10 High-Gain Lunchbox Amps That Will Melt Your Face

Need big-time tones without the heft? Here's a good place to start.

It's no longer necessary to break your back lugging around a huge, heavy amp just to get your high-gain fix. This collection features lunchbox-sized heads that offer a wealth of big-time features in handy and portable packages.

Orange Dual Terror

Packed with two individual Tiny Terror circuits, this 30-watt outfit is loaded with EL84 tubes, individual tone, volume, and gain controls, and a half-power mode. Around back you have a switch that allows you to move between using 2 or 4 power tubes.

$899 street


Diezel VH-Micro

Based on the famed circuit that was favored by Adam Jones and James Hetfield, this mini-sized version packs 30 watts. Naturally, it includes Diezel's popular deep and presence controls, along with an effects loop.

$329 street


Revv G20

The flagship feature of this lunchbox amp is the built-in Two notes technology that allows you to use a variety of different virtual cabs, mics, and effects–and even load your own! The 2-channel 6V6 setup features a 3-band EQ plus aggression and wide voice switches to give added dimension to your tone.

$1,299 street

Bogner Ecstasy Mini

A pint-sized version of, arguably, the company's most beloved model. In addition to the 3-band EQ, volume, gain, and presence controls, this 30-watt monster features a switchable variac control. A trio of switches also affects the gain, mid frequencies, and post-EQ options.

$329 street


Marshall DSL1HR

The famed purveyors of British-style crunch offer a mini 1-watt amp that punches well above its weight class. It comes loaded with onboard reverb, classic gain and ultra gain channels, line output with cab emulation, and two different power modes.

$399 street



King Edward's arena-sized tone from the green and blue channels of the company's flagship amp have been squeezed into this 15-watt package. Both channels share a 3-band EQ but have individual gain and volume controls.

$699 street


MESA/Boogie Mini Rectifier 25

The sound of '90s metal becomes way more portable with this EL84-based, 2-channel/4-mode monster. Each footswitchable channel has independent controls, power scaling, and a shared buffered effects loop.

$1,249 street

PRS Mark Tremonti MT15

Designed in conjunction with one of modern rock's biggest gearheads, this 15-watt head houses two channels (clean and dirty) and is powered by a set of JJ 5881 tubes. Each channel has individual EQ controls, while the dirty side includes a built-in boost.

$749 street

Peavey 6505 MH

The company's flagship metal machine carries on with this mini version that features an all-tube preamp and power amp. It can scale between 20 watts and 1 watt and can also record direct via USB or feed FOH with a cab-simulated output.
$599 street


Blackstar HT-5RH

The latest iteration of the British company's mini head offers digital reverb, direct out with cab emulation, USB, effects loop, and an aux input. The 5-watt package can scale down to .5 watts in addition to independent voices for both the clean and overdrive channels.

$529 street


It’s not difficult to replace the wiring in your pickups, but it takes some finesse. Here’s a step-by-step guide.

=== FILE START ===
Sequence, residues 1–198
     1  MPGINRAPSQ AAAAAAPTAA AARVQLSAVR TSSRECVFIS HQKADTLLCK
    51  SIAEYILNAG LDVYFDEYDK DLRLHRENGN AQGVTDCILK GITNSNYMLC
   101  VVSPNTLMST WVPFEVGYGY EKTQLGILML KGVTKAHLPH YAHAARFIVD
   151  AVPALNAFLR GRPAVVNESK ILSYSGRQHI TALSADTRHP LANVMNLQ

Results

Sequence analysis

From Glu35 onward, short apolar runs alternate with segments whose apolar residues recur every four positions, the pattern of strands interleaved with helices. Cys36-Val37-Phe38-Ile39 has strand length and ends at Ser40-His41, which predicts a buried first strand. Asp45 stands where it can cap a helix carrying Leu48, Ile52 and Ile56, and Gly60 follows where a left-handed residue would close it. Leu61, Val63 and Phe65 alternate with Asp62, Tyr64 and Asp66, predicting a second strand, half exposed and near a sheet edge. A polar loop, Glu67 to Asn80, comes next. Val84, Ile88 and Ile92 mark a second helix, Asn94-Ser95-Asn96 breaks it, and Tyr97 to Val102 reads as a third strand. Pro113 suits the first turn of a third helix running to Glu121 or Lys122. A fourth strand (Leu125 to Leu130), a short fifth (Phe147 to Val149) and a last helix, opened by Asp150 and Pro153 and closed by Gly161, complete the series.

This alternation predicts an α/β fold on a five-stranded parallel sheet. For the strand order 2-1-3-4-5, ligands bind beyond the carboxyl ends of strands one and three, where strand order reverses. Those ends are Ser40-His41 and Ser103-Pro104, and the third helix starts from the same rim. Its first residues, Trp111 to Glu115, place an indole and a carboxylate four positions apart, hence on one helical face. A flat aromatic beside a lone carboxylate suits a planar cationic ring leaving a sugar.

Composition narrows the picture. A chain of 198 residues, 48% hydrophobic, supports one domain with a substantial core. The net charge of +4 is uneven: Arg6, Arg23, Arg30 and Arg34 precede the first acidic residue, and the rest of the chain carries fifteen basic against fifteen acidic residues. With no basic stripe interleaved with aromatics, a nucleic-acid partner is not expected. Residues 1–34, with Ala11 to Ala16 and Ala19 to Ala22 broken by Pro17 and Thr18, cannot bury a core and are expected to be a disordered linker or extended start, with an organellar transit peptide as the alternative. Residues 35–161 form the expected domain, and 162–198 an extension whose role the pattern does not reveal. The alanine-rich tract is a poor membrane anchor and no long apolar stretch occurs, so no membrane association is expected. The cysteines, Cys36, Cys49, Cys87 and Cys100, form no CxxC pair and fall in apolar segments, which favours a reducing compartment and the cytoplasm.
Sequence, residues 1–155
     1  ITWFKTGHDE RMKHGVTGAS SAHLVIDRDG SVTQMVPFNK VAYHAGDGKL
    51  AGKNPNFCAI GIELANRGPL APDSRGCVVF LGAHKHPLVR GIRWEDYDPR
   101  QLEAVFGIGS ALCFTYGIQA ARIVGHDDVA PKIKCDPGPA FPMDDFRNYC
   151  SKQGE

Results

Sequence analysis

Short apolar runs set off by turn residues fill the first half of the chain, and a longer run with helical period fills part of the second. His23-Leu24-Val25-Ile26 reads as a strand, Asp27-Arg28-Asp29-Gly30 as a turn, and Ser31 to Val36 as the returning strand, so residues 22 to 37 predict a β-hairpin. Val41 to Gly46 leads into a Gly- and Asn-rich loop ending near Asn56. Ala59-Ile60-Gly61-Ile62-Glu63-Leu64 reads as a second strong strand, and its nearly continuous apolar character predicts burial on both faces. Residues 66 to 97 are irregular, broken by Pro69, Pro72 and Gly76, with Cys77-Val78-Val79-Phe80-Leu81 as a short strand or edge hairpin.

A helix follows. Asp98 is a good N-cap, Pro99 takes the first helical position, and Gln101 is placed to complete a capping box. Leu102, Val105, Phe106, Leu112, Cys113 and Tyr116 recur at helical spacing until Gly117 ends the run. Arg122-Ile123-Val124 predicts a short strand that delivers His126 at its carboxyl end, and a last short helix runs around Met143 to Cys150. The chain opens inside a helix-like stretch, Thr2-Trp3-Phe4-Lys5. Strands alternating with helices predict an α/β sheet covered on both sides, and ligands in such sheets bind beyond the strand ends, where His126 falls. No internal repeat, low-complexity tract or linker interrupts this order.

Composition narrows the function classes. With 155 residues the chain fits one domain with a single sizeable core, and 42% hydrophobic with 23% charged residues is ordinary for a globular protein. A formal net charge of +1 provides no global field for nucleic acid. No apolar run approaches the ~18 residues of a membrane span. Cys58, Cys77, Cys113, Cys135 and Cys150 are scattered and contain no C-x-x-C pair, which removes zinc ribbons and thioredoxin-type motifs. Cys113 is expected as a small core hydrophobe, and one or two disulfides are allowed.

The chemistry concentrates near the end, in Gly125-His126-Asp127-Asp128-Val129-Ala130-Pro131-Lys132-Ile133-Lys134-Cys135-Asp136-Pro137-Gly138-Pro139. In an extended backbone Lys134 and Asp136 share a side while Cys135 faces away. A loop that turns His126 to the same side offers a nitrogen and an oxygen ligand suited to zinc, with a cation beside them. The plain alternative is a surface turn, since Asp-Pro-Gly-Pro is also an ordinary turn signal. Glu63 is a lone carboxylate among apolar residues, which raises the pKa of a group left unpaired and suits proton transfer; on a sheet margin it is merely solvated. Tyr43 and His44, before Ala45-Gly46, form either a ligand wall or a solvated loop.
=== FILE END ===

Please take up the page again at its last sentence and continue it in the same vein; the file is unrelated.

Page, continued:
Hello and welcome back to Mod Garage. After numerous requests, this month we’ll have a closer look at changing wires on a single-coil pickup. As our guinea pig for this, I chose a standard Stratocaster single-coil, but it’s basically the same on all single-coil pickups and easy to transfer. It’s not complicated but it is a delicate task to not destroy your pickup during this process, and there are some things you should keep in mind.

Read More Show less

The emotional wallop of the acoustic guitar sometimes flies under the radar. Even if you mostly play electric, here are some things to consider about unplugging.

I have a love-hate relationship with acoustic guitars. My infatuation with the 6-string really blasted off with the Ventures. That’s the sound I wanted, and the way to get it was powered by electricity. Before I’d even held a guitar, I knew I wanted a Mosrite, which I was sure was made of fiberglass like the surfboards the Beach Boys, Surfaris, and the Challengers rode in their off time. Bristling with space-age switchgear and chrome-plated hardware, those solidbody hotrod guitars were the fighter jets of my musical dreams. I didn’t even know what those old-timey round-hole guitars were called. As the singing cowboys Roy Rogers and Gene Autrey strummed off into the sunset, the pace of technology pushed the look and sound of the electric guitar (and bass) into the limelight and into my heart. Imagine my disappointment when I had to begin my guitar tutelage on a rented Gibson “student” acoustic. At least it sort of looked like the ones the Beatles occasionally played. Even so, I couldn’t wait to trade it in.

Read More Show less

Need an affordable distortion pedal? Look no further.

We live in the golden age of boutique pedals that are loaded with advanced features—many of which were nearly unthinkable a decade or so ago. But there’s something that will always be valuable about a rock-solid dirt box that won’t break your wallet. Here’s a collection of old classics and newly designed stomps that cost less than an average concert ticket.

Read More Show less